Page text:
Malcolm Gladwell on spaghetti sauce | Video on TED.com.
Malcolm Gladwell searches for the counterintuitive in what we all take to be the mundane: cookies, sneakers, pasta sauce. A New Yorker staff writer since 1996, he visits obscure laboratories and infomercial set kitchens as often as the hangouts of freelance cool-hunters — a sort of pop-R&D gumshoe — and for that has become a star lecturer and bestselling author.
Sparkling with curiosity, undaunted by difficult research (yet an eloquent, accessible writer), his work uncovers truths hidden in strange data. His always-delightful blog tackles topics from serial killers to steroids in sports, while provocative recent work in the New Yorker sheds new light on the Flynn effect — the decades-spanning rise in I.Q. scores.
Gladwell has written four books. The Tipping Point, which began as a New Yorker piece, applies the principles of epidemiology to crime (and sneaker sales), while Blink examines the unconscious processes that allow the mind to “thin slice” reality — and make decisions in the blink of an eye. His third book, Outliers, questions the inevitabilities of success and identifies the relation of success to nature versus nurture. The newest work, What the Dog Saw and Other Adventures, is an anthology of his New Yorker contributions.
He says: “There is more going on beneath the surface than we think, and more going on in little, finite moments of time than we would guess.”
- Are You an Outlier? (jworqprojeqs.com)
Less than 10% of plastic trash is recycled — compared to almost 90% of metals — because of the massively complicated problem of finding and sorting the different kinds. Frustrated by this waste, Mike Biddle has developed a cheap and incredibly energy efficient plant that can, and does, recycle any kind of plastic.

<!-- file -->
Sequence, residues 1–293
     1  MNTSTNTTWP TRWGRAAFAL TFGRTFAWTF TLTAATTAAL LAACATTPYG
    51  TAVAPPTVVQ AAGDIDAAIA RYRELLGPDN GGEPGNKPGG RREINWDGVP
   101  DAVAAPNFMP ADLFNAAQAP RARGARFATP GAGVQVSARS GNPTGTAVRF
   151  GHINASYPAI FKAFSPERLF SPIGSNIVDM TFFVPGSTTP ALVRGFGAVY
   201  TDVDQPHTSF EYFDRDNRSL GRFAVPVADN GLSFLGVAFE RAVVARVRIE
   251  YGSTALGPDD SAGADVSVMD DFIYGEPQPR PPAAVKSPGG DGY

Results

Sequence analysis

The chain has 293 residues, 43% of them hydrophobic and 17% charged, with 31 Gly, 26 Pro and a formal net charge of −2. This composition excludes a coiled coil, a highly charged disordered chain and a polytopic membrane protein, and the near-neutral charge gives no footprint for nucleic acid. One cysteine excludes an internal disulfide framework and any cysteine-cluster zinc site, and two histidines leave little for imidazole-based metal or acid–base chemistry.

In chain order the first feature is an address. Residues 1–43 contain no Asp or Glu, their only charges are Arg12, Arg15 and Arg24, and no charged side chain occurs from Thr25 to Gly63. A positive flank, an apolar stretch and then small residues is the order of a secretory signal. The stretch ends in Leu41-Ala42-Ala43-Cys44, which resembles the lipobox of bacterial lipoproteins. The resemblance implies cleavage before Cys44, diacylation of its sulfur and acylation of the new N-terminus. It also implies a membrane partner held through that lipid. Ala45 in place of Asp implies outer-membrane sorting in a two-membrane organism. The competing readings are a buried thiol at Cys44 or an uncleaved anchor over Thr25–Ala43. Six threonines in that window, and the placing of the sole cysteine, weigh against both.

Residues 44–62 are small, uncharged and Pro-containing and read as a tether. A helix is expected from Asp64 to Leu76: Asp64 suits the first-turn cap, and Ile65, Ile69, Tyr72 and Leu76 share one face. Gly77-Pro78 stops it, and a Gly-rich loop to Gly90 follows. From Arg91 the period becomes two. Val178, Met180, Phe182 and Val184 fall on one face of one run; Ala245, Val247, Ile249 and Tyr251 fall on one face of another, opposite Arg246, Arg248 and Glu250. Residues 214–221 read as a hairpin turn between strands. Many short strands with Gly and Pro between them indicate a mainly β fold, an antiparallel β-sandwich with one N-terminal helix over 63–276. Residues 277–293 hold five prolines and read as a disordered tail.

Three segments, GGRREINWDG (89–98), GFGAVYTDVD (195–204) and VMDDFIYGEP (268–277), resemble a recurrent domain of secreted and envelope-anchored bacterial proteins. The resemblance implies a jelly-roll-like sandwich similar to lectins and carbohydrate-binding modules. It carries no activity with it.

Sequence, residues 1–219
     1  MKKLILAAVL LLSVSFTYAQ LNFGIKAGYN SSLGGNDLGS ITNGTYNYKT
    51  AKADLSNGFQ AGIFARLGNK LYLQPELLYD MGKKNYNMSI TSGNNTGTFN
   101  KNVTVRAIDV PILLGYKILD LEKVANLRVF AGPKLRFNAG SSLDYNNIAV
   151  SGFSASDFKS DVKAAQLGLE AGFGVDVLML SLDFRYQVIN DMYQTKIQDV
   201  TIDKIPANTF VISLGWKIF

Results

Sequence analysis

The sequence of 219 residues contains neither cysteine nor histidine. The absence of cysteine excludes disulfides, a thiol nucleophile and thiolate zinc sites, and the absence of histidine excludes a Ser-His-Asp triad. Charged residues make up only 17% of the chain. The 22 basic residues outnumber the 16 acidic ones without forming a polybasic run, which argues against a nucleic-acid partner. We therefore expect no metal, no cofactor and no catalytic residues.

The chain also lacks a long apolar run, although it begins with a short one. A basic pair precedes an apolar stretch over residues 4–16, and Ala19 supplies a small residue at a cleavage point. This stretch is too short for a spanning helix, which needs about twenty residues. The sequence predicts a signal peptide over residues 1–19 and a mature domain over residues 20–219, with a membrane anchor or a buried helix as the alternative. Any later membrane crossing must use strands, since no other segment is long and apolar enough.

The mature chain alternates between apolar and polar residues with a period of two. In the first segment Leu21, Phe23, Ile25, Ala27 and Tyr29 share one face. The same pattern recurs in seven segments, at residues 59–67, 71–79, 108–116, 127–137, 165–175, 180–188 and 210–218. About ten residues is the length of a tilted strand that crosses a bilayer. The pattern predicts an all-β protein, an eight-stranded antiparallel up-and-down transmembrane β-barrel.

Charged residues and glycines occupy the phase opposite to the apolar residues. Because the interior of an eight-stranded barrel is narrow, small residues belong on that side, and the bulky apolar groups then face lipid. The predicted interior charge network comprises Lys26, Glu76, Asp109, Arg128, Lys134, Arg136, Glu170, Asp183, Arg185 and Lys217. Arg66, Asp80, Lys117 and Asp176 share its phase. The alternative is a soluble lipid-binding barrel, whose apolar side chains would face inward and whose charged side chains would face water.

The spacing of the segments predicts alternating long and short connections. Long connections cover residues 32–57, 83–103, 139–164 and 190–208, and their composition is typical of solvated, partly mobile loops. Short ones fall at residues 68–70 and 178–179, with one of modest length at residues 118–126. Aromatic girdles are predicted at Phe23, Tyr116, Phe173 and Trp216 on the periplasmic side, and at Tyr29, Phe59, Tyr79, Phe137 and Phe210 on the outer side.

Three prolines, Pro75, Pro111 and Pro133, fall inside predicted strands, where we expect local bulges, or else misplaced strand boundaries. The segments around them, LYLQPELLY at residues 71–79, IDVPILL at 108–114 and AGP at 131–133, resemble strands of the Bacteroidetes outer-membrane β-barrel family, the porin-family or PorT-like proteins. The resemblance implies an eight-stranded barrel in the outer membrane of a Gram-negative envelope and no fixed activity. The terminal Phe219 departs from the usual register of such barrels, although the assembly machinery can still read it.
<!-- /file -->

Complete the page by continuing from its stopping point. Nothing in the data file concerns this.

via Mike Biddle: We can recycle plastic | Video on TED.com.
Throwing water bottles into the recycling bin doesn’t begin to address the massive quantity of postconsumer plastic that ends up in landfills and the ocean. Because it’s so difficult to separate the various kinds of plastics – up to 20 kinds per product – that make up our computers, cell phones, cars and home appliances, only a small fraction of plastics from complex waste streams are recycled, while the rest is tossed. In 1992, Mike Biddle, a plastics engineer, set out to find a solution. He set up a lab in his garage in Pittsburg, California, and began experimenting with complex-plastics recycling, borrowing ideas from such industries as mining and grain processing.
Since then, Biddle has developed a patented 30-step plastics recycling system that includes magnetically extracting metals, shredding the plastics, sorting them by polymer type and producing graded pellets to be reused in industry – a process that takes less than a tenth of the energy required to make virgin plastic from crude oil. Today, the company he cofounded, MBA Polymers, has plants in China and Austria, and plans to build more in Europe, where electronics-waste regulation (which doesn’t yet have an equivalent in the US) already ensures a stream of materials to exploit – a process Biddle calls “above-ground mining.”
He says: “I consider myself an environmentalist. I hate to see plastics wasted. I hate to see any natural resource – even human time – wasted.”
“Biddle’s company ventures into lands where few recyclers — who stick to the safer world of steel and aluminum — dare to tread.” myhero.com